UNITED STATES of America, Appellee, v. Wanda LLINAS, Defendant, Appellant.
Following a five-day trial, a jury convicted defendant-appellant Wanda Llinas of both conspiracy to possess narcotics with intent to distribute and intentional use of a communication device in facilitating the conspiracy. Llinas now appeals these convictions, alleging that there was (1) insufficient evidence to support the verdicts and (2) reversible error arising out of the district court's decision to admit certain evidence in violation of Rule 12.1(b) of the Federal Rules of Criminal Procedure. We affirm.
We recite the relevant facts in the light most favorable to the verdicts. See United States v. Echeverri, 982 F.2d 675, 676 (1st Cir.1993).
Daniel Sanchez and Wilson Martínez Cotto became friends in or about January 2000, and, within a few days, Sanchez began selling heroin to Martínez for distribution. Soon thereafter, Sanchez told Martínez about a recent encounter he had had with a man called “Guillermo,” who had proposed that Sanchez visit Puerto Rico to conduct some drug deals. Martínez was interested. Neither Sanchez nor Martínez was aware that Guillermo was a government informant.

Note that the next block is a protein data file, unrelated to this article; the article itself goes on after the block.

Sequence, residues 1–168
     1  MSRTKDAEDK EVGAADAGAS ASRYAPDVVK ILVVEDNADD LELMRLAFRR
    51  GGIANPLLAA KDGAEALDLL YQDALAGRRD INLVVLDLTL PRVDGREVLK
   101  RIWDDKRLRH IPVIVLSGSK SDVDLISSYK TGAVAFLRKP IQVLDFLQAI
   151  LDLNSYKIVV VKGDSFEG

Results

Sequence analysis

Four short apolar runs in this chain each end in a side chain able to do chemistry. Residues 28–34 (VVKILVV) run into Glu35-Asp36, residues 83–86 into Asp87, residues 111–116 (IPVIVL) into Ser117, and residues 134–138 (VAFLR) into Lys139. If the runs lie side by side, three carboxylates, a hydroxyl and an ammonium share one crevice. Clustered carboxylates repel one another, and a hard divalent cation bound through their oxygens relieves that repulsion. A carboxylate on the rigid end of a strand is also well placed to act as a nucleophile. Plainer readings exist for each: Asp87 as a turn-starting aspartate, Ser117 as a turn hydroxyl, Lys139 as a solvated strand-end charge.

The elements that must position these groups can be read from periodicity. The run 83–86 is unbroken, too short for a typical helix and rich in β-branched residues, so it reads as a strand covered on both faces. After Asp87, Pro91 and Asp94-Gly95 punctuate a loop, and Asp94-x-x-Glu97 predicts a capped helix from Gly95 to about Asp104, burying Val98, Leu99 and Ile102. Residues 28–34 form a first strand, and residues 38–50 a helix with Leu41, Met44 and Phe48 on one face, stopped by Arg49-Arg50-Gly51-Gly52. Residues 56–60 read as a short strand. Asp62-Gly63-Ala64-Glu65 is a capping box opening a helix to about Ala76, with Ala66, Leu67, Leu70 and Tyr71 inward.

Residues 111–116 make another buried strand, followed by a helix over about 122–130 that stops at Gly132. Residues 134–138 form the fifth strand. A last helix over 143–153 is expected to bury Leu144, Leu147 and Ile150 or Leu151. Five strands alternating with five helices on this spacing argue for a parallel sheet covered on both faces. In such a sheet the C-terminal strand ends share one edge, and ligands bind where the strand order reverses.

In June 2000, Sanchez and Martínez traveled together to Puerto Rico, where Sanchez was to introduce Martínez to Guillermo. For his part, Martínez tended to the lodging details, initially arranging for the pair to stay at a relative's house. After arriving in Puerto Rico, however, these initial arrangements fell through. In search of a place to stay, Martínez then phoned Llinas's stepfather, a family friend, and arranged for the men to stay at his house. Llinas lived with her stepfather.
On June 16th, Llinas drove Sanchez and Martínez to a nearby bakery. While Llinas waited in her car with her stepfather, Sanchez and Martínez entered the bakery and met with Guillermo and his partner, Carrasquillo, an undercover agent for the Drug Enforcement Administration. There, the men negotiated a transaction in which Martínez agreed to provide, on a later date, two kilograms of heroin in exchange for eleven kilograms of cocaine.